You can see that the yellow bot didn't attack me. Instead, the yellow bot focused on Asia and Africa where it had a better chance to secure a territory. Also, the purple bot declined to attack, since it had no direct advantage on the map. On my next turn, I poured more troops into Venezula. Since the yellow bot moved into Africa, it would be in my best interest to secure all of South America. The best method is to go from Venezuela to Peru, then Argentina, and finally Brazil. Keep in mind: DON'T BE GREEDY! Once I reached Brazil, I rested. Why? Now I have both North America and South America in my control. That would give me seven units on my next turn. With North and South America in my favor, I would only have to protect Greenland, Alaska, and Brazil. Had I moved to North Africa, I could be attacked from five different territories. In this scenario, this is exactly why I stopped at Brazil.



    On my next turn, I decided to strengthen Alaska and Greenland. I could leave South America alone for now, since it was well-fortified and the yellow bot was exceptionally weakened. The purple bot was looking like a growing threat with six troops in Kamchatka. Meanwhile, the red bot was fighting a losing battle and soon doomed for elimination. Both the green bot and my troops eliminated red the red bot. I now have a stronghold in Europe, and made my way into Asia. Purple's troops in northeast Asia do not compare to my 16 units in Kamchatka. Do I be greedy and eliminate them all? Or do I maintain reserve and slowly attack them? A slower attack would be better. In this case, I focused only on Japan. That way, I could divide my troops in half. I still hold an advantage.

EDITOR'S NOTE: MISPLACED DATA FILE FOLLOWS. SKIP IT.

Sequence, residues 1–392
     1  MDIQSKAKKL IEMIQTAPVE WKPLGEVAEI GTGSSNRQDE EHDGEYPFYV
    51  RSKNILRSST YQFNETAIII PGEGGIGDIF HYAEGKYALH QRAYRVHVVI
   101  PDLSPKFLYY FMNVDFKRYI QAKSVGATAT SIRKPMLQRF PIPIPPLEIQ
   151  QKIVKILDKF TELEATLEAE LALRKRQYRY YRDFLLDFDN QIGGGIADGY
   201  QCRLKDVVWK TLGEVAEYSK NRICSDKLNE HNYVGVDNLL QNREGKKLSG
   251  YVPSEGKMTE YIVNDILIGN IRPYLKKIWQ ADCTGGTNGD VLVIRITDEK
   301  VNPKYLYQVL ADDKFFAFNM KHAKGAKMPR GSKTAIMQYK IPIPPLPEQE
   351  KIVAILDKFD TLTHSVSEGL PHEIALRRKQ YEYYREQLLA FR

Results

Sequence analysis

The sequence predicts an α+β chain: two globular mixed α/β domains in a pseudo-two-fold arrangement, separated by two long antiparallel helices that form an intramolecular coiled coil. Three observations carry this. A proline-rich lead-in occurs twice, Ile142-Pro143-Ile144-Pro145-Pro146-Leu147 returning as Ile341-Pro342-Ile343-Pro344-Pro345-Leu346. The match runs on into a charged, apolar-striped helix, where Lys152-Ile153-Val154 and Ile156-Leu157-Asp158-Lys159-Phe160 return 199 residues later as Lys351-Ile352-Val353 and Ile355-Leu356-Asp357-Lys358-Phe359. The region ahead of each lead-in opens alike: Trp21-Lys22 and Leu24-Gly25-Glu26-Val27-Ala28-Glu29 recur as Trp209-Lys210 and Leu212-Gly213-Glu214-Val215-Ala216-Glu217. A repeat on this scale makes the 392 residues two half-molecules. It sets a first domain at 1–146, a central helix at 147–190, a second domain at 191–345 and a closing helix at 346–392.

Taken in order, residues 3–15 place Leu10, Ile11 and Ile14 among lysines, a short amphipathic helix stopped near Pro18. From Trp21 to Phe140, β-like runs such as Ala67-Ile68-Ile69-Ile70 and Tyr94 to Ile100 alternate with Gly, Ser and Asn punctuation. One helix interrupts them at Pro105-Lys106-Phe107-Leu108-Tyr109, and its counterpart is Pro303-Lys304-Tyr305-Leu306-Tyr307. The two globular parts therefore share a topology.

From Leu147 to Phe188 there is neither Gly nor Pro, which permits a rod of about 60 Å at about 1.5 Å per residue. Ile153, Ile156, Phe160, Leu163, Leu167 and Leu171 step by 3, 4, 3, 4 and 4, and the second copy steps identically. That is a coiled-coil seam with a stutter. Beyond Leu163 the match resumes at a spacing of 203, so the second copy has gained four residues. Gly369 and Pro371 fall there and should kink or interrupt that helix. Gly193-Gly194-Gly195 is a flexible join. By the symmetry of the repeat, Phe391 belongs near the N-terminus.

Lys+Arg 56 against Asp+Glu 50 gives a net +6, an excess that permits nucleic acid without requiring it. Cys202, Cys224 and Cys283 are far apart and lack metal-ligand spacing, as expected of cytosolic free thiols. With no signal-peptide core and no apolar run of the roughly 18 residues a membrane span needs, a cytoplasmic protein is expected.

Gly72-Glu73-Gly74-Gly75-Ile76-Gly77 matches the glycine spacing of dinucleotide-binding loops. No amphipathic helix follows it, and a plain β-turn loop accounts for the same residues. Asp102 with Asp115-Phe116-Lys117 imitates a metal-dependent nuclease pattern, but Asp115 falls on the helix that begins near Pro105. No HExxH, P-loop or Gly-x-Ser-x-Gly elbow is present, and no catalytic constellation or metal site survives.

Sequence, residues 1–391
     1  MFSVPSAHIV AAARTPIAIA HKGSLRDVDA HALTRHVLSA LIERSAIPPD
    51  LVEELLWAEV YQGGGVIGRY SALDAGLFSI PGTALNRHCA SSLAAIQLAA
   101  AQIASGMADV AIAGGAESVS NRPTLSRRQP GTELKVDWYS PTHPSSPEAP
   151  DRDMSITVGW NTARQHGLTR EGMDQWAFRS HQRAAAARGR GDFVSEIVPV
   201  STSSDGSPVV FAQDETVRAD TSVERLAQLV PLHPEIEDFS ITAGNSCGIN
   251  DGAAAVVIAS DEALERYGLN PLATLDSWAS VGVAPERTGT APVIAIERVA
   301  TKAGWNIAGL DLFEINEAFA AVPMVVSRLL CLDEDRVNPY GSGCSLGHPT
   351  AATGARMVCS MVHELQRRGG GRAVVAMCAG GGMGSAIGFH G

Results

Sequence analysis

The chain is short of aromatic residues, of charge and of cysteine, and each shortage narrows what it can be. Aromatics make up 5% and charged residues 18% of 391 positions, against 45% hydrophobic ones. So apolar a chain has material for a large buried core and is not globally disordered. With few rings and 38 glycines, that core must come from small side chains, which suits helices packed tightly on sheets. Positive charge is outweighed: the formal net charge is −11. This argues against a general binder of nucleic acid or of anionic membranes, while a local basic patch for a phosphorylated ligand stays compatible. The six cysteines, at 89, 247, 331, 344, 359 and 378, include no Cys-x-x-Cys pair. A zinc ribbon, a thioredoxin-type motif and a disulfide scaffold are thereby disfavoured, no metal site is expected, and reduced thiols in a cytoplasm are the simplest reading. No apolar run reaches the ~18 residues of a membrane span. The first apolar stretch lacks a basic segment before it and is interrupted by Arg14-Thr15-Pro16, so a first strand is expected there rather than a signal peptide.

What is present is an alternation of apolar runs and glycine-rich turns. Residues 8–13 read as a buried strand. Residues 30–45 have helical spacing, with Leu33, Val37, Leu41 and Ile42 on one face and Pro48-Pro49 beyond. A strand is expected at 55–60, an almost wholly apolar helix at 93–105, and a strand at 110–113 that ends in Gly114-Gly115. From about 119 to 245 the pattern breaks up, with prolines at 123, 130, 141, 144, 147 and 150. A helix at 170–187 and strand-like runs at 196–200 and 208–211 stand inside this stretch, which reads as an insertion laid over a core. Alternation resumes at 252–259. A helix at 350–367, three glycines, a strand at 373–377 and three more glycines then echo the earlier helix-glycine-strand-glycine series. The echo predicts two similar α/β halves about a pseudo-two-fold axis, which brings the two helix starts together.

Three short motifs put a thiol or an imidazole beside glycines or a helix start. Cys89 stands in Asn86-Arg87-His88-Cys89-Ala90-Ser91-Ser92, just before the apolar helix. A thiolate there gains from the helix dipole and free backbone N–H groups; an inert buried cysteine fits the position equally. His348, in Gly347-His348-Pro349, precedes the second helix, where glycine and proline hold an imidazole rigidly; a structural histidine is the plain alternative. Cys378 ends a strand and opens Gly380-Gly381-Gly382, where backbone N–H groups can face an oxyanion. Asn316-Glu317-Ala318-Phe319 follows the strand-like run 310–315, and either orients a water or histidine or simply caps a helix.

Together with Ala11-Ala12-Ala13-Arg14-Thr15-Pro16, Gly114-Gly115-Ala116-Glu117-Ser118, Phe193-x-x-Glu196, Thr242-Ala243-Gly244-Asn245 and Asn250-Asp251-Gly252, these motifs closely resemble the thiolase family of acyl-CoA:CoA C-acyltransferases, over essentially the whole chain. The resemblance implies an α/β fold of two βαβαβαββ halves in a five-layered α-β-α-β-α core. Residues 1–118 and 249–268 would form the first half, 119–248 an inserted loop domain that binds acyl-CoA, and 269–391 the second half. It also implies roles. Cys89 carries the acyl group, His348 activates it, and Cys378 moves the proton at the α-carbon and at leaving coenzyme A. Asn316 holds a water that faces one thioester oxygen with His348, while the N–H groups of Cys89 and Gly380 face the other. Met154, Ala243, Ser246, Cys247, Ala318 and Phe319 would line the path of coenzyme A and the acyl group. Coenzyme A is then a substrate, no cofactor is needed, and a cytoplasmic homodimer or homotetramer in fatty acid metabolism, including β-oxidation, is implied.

Oh, what about those territory cards? If you successfully secure a territory, you win a territory card. [If you don't secure any territory on your turn, you don't get squat. Losers get no spoils of war!] Anyway, If you have three territory cards with the same matching symbol, you can turn them in for additional units. Also, you can turn them in if all three are different, such as the example in the image above. There is another symbol which contains all three (not pictured) and it is considered a "wild" card.